As you can see, you get a 50% loss in the first three months and then only a 4% loss thereafter. In fact, once you hit the three month mark, your odds of dropping your New Year’s resolutions go down to 1% per month, not bad at all. The problem narrows down to how to get you to the three month mark.
As mentioned, Norcross compared what strategies people were using that were successful as well as the ones that weren’t. As I’ve posted previously under Lady Gaga versus The Secret, we get the familiar split between positive expectations and wishful thinking. Those people who felt confident they could follow through usually did. Those who employed wishful thinking, imagining they already accomplished their goals, usually didn’t. By the way, the research showing how wishful thinking is motivationally damaging is one of the more established psychological findings and, consistent with this research, wishing more people believed this doesn’t make it so.
What turns out to be the most useful is a combination of “inside/outside” strategies. Use your willpower, your sense of agency and choice. Focus on how this is your life and you choose how to live it. However, don’t rely on willpower exclusively; you need to change your environment as well. Try to engineer a world for yourself where you rely on your willpower as little as possible by keeping temptation at a distance and keeping reminders of why you should not give in. In short, as Norcross wrote, “Successful resolvers were also found to report employing significantly more behavioral strategies and less self-blame and wishful thinking than unsuccessful resolvers.”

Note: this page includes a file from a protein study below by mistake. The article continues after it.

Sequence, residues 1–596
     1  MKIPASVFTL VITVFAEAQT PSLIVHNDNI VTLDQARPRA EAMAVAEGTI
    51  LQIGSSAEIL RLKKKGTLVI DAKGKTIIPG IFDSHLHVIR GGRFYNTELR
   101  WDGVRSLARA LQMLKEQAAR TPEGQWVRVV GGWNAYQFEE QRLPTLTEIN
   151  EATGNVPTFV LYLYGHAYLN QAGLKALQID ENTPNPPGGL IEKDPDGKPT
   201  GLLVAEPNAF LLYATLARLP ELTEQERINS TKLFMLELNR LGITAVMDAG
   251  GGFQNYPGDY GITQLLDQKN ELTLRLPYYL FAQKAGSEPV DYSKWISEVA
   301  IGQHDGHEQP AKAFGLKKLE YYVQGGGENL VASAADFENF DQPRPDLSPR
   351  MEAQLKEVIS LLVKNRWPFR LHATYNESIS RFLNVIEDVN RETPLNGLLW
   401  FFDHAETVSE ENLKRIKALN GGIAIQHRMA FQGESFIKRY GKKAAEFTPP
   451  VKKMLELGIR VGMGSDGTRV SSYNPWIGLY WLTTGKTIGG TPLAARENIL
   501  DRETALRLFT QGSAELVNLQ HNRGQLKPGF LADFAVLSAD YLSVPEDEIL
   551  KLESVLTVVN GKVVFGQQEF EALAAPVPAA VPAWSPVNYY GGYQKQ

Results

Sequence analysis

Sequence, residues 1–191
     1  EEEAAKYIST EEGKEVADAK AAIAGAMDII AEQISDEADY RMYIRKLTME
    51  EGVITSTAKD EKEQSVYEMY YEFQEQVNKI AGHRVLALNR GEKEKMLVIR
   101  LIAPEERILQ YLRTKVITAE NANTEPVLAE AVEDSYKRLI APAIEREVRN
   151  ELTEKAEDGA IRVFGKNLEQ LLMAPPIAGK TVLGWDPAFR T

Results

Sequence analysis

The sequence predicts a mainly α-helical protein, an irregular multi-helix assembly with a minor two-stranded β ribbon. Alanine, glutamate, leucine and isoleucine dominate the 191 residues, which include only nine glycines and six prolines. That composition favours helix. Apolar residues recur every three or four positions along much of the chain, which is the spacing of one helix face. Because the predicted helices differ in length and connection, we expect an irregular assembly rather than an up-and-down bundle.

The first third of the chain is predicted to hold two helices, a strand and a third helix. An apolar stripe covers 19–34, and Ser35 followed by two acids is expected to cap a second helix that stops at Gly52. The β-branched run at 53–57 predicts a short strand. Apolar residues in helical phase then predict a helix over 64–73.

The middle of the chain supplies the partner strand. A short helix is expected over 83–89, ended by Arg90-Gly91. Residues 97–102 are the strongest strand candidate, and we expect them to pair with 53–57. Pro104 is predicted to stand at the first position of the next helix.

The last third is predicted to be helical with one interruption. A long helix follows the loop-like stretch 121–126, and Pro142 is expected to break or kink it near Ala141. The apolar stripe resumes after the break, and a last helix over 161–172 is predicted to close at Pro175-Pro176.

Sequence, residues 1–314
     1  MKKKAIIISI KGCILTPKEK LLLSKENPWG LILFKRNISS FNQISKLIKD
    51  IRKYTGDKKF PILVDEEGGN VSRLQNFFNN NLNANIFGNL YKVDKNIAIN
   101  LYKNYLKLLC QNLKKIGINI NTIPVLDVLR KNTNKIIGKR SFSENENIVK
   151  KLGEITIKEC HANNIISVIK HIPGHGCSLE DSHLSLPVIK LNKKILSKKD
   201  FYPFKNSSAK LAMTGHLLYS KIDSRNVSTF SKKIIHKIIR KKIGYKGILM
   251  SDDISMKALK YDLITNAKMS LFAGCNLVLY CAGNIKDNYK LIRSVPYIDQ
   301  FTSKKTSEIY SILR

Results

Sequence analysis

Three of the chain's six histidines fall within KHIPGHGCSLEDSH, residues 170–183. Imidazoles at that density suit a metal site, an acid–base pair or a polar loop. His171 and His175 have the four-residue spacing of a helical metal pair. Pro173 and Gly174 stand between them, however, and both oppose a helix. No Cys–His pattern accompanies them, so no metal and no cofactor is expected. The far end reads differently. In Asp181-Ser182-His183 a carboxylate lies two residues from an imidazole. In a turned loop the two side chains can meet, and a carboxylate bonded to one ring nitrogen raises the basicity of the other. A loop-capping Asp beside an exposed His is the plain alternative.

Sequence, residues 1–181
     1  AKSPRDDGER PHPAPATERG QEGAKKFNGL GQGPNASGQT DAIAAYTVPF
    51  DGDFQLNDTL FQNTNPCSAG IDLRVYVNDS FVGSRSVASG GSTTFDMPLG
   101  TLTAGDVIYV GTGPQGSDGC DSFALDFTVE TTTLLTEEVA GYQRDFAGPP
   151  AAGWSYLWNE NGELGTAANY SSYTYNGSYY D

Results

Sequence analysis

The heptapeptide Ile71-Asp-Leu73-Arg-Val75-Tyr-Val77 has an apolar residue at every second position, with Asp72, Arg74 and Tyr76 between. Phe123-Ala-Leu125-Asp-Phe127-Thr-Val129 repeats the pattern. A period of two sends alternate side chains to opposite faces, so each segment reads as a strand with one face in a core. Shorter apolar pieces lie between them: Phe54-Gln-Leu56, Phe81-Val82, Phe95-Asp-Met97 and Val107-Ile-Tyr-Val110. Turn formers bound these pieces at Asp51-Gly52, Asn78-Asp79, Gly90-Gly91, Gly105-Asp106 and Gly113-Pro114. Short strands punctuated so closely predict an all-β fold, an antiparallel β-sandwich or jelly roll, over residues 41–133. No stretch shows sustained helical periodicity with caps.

Where can you find other behavioral strategies that work? Well Norcross was also one of the first to review the growing field of self-help in terms of both books and websites, like Psychology Today itself. Called bibliotherapy, books can be a very effective resource for self-change but, like everywhere, be careful. “As you might anticipate,” Norcross wrote “there is no reliable relationship between the number of copies sold and expert ratings of quality. Indeed, 10% of the best sellers are consensually rated as harmful by psychologists.” On the other hand, there are lots of caring and knowledgeable authors who sincerely want to help you out there on every topic. Just make it your New Year’s resolution to find them.
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Norcross, John C., Mrykalo, Marci S., & Blagys, Matthew D. (2002). Auld lang Syne: Success predictors, change processes, and self-reported outcomes of New Year's resolvers and nonresolvers. Journal of Clinical Psychology, 58(4), 397-405.
Norcross, John C., Ratzin, Albert C., & Payne, Dorothy. (1989). Brief report ringing in the new year: The change processes and reported outcomes of resolutions. Addictive Behaviors, 14, 205-212.
Norcross, John C., Ratzin, Albert C., & Payne, Dorothy. (1989). Ringing in the new year: The change processes and reported outcomes of resolutions. Addictive Behaviors, 14(2), 205-212.